February 28, 2007 / 3:28 PM / 13 years ago

RPT-UPDATE 2-US Navy sees cost overrun on General Dynamics ship

(Repeats without changes to story to identify as UPDATE 2 in headline) (Recasts with Navy statement, adds General Dynamics comment)

By Andrea Shalal-Esa

WASHINGTON, Feb 28 (Reuters) - The shore-hugging littoral combat ship (LCS) being built by General Dynamics Corp. (GD.N) is expected to face cost overruns, although the scope of the increases is not yet clear, the U.S. Navy said on Wednesday.

In January, the Navy took the unusual step of ordering Lockheed Martin Corp. (LMT.N) to halt work for 90 days on an LCS ship because of soaring costs, but this was the first time the Navy acknowledged General Dynamics also faced cost increases.

The new class of ships are designed to operate in shallow waters to hunt for submarines and destroy underwater mines.

Navy acquisition chief Delores Etter on Wednesday said the first General Dynamics LCS ship would cost $350 million or more, far above initial estimates of $220 million for each of the new ships.

She told a group of defense writers the first Lockheed LCS ship would cost more than $400 million.

But the Navy later issued a statement saying Etter “mistakenly characterized” the cost of both ships.

“Although we anticipate some cost growth, it is premature to discuss specific numbers as they are unavailable at this time,” the Navy said of the General Dynamics ship. The first Lockheed LCS ship would cost $350 million to $375 million.

Lockheed, the No. 1 U.S. defense contractor, is building the first and third of the new ships, while General Dynamics, the No. 4 contractor, is building the second and fourth.

General Dynamics spokesman Rob Doolittle said increased requirements could drive up the cost of the first ship, but it was premature to speculate about its final cost since the ship was only 40 percent complete.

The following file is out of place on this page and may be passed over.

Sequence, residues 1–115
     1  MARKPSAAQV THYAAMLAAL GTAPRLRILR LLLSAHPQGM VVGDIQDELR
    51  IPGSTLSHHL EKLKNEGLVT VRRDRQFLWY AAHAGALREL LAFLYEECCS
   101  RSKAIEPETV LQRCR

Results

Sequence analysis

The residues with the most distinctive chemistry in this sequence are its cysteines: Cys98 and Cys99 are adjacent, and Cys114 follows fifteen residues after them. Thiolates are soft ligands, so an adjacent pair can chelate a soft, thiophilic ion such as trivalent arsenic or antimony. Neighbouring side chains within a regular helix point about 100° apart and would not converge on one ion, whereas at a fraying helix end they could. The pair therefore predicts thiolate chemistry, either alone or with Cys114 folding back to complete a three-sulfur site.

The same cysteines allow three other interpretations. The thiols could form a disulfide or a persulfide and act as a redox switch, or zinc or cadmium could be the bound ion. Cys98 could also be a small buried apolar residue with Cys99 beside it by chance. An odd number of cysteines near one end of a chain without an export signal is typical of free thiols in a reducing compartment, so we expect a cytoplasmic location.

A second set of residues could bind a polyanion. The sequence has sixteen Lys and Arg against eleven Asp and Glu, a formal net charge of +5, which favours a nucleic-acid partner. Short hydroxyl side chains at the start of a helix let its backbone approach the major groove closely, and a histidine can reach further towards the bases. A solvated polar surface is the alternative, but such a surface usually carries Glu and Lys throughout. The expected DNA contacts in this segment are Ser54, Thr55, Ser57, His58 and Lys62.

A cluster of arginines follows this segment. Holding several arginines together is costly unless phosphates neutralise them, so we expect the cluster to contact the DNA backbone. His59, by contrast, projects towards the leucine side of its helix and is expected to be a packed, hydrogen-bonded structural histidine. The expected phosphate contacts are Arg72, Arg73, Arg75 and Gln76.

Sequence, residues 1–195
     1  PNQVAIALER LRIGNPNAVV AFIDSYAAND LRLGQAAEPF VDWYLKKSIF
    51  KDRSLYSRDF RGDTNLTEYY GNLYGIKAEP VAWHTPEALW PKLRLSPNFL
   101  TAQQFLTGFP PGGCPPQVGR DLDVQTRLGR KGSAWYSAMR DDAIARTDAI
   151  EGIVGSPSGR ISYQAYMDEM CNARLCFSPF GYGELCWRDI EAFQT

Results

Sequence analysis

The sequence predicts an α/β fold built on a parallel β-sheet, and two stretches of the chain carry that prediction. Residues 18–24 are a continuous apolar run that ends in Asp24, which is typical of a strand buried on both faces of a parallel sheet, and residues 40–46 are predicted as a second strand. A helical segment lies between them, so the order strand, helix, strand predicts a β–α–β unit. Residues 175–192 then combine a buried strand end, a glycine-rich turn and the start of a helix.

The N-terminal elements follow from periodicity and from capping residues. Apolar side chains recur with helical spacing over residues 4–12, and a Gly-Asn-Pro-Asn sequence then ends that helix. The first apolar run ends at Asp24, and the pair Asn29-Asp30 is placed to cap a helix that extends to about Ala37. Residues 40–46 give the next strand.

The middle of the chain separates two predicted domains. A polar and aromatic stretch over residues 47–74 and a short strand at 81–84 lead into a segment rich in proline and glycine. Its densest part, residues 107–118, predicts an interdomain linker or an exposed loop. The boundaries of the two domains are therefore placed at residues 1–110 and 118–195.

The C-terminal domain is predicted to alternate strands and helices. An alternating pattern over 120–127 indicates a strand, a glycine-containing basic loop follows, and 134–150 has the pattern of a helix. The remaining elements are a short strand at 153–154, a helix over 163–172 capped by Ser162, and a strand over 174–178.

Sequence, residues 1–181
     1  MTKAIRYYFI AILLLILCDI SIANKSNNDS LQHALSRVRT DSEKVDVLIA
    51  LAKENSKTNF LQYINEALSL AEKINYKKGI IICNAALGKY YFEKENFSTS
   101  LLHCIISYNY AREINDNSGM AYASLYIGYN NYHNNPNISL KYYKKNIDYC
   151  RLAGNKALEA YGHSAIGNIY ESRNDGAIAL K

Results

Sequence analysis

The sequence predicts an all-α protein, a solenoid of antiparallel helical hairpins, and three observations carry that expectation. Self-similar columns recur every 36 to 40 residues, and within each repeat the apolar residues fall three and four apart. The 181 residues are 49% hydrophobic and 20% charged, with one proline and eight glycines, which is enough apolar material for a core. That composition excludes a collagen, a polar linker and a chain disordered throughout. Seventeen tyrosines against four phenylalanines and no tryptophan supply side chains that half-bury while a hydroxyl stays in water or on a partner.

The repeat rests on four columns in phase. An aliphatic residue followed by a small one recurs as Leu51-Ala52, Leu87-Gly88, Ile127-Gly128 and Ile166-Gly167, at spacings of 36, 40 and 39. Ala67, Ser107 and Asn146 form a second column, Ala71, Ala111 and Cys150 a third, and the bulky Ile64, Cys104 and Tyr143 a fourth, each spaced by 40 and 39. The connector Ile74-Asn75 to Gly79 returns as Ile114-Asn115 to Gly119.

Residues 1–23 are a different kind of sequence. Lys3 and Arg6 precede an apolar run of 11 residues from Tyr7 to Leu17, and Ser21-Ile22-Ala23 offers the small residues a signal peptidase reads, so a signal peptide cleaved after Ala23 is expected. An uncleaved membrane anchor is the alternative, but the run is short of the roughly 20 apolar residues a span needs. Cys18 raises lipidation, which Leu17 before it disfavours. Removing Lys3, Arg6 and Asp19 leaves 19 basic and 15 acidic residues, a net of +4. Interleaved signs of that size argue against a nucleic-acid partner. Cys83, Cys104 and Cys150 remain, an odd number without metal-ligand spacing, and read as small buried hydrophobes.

The company was focused on delivering “the most-capable, most-affordable” littoral ship to the U.S. Navy, he said.

Etter said the Navy had not yet decided whether to extend the Lockheed stop-work order beyond the 90 days or whether to impose a similar order on General Dynamics.

She blamed the higher costs on several factors, including an aggressive schedule adopted after the Sept. 11, 2001, attacks; efforts to design and build the ships simultaneously; and lack of adequate oversight.

“We just tried to do too much on this ship,” she said, adding that the Navy and the two defense contractors had not done a good job estimating the costs.

The Navy eventually wants to buy about 55 of the ships in a program that had been slated to cost $1.3 billion.

It was not immediately clear how much the cost increases in the first LCS ships would raise the total program cost.

The first ship of a new class always has a “significant learning curve,” Doolittle said, adding, “We expect the second ship of the class to cost much less than the first.”

Despite the cost overruns, Etter said the LCS program was still on track for a two-year “build cycle,” a much faster schedule than usually seen on new warships. She said she was confident the Navy had “the right ship to go in harm’s way.”

Etter said about a third of the cost overruns stemmed from increased material costs. Other extra costs were linked to new Navy rules aimed at ensuring the survivability of the new warships, and other factors that were still being studied.

Two separate reviews of the program had already resulted in 10 different directives aimed at curbing cost increases.

She said more oversight at the shipyards and closer monitoring of progress on the ships was needed. Extra Navy personnel had already been sent to monitor Lockheed’s work and more staff were being sent to the General Dynamics site.

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